After a broad look at the issue, SRI's Jerry Thompson turned to Vanessa Maybury, National Waste Services, Chicago, and Deanna Fry, environmental affairs coordinator of Cracker Barrel restaurants, Lebanon, TN. Both tipping and collection fees are on the rise, Maybury reported, and she's concerned about the declining markets for recycled materials. "When materials prices are high, everyone can make money. Some haulers have been picking up recyclables free, but now they're losing money." Money isn't the issue for the 250-unit Cracker Barrel restaurant chain. Each unit must meet minimum standards, recycling steel cans, corrugated and glass. Most go much further, Fry says, but it really depends on the services available locally. She reports that the restaurants want multiple pick-ups of recyclables, corrugated at least three times a week, steel cans even more frequently. In part that's because the restaurant chain has yet to install can flatteners, saying the return doesn't justify the investment. Among packaging initiatives at Cracker Barrel: a mandate to reduce incoming packaging materials by 25%; shifting to returnable, reusable totes where possible; and, most recently, a move to replace paper labels on #5 and #10 steel cans with one-color litho printing. Fry did point out that in its move toward use of recycled materials, Cracker Barrel has been finding recycled paper is now cheaper than virgin in some grades.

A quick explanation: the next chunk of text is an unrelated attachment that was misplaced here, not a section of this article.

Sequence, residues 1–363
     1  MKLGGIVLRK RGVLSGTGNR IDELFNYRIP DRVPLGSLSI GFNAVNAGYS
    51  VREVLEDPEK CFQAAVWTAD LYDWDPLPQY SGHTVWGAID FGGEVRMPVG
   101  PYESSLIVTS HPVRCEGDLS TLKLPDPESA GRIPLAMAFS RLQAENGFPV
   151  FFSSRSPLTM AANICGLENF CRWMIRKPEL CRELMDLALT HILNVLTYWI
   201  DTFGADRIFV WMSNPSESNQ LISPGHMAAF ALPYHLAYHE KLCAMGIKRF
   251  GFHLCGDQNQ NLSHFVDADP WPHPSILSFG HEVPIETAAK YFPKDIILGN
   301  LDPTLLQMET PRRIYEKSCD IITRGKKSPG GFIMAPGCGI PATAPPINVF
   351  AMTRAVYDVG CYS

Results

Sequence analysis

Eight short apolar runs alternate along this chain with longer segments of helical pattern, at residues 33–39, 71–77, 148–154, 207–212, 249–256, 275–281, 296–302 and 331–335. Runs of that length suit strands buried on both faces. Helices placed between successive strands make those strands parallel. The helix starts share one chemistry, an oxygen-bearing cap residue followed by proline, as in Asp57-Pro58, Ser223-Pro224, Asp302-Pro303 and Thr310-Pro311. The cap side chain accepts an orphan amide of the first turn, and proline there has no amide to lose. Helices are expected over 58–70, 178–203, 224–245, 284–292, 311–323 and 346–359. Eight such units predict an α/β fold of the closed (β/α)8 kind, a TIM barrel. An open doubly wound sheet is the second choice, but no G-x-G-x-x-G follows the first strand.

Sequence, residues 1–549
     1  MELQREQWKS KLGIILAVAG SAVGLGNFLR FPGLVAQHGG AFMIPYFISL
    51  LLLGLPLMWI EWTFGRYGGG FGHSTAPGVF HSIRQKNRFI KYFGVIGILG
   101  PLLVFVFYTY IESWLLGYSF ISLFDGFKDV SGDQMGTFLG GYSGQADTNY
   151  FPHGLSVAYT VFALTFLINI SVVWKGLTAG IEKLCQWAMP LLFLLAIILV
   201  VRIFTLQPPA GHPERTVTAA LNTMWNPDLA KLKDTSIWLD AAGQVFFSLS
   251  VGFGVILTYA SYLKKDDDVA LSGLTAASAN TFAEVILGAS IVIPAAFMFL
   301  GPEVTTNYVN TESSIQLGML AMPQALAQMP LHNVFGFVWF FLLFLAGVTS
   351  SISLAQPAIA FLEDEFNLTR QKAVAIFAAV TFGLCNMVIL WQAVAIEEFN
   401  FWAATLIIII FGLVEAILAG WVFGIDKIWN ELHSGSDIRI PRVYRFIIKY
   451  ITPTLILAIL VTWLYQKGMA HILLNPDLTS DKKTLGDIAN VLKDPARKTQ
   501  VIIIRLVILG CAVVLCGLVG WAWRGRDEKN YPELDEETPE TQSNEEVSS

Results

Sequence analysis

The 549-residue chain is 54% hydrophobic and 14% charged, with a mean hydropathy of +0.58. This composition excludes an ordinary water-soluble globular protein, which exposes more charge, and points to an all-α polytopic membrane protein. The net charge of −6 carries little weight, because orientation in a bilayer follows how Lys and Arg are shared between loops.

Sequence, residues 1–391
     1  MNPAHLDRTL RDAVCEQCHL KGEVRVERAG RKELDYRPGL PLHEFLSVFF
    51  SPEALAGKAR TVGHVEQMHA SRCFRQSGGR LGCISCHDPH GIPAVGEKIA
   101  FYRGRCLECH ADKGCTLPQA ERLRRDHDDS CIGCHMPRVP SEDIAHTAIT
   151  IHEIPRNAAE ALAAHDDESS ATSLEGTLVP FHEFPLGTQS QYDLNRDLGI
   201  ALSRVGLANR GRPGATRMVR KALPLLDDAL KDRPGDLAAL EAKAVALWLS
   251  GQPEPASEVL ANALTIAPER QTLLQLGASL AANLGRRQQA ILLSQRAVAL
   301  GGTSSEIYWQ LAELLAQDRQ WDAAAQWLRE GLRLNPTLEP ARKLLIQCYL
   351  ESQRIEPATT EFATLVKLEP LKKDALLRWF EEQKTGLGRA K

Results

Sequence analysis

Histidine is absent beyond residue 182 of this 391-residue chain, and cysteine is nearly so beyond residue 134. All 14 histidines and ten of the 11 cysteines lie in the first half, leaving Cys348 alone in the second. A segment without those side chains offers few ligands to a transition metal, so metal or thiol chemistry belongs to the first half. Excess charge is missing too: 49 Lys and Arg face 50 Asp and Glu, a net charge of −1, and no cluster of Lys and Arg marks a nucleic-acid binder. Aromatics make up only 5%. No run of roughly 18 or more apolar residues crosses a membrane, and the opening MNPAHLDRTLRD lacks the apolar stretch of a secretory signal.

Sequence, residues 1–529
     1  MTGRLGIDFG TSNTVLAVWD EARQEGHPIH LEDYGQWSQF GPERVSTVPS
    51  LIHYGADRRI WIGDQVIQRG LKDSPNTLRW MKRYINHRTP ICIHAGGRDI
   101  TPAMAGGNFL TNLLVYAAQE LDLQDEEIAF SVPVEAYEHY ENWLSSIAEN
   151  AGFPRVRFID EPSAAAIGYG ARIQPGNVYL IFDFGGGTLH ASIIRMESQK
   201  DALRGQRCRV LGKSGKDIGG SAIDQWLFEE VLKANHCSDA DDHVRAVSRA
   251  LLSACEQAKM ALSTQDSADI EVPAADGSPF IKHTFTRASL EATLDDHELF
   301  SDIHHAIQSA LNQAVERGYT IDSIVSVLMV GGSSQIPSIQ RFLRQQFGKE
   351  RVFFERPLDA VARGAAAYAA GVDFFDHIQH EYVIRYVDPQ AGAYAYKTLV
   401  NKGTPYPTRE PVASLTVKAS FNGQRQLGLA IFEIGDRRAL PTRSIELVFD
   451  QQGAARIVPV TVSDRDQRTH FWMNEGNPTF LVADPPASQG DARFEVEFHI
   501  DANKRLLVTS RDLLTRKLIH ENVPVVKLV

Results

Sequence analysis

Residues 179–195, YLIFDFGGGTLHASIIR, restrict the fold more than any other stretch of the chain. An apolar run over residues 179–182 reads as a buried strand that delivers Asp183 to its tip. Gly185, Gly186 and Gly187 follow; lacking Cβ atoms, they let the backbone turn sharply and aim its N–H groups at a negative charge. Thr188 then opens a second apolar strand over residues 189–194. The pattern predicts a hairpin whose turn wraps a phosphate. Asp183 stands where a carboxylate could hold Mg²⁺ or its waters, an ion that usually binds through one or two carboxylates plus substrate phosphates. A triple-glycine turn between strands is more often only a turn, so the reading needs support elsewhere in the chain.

Restaurants finding recycle merits
Overall, recycling programs are increasing for the nation's restaurants, and steel can recycling is playing a major role, according to a recent press conference in Chicago sponsored by the Steel Recycling Institute, Pittsburgh, PA.
Jun 30, 1996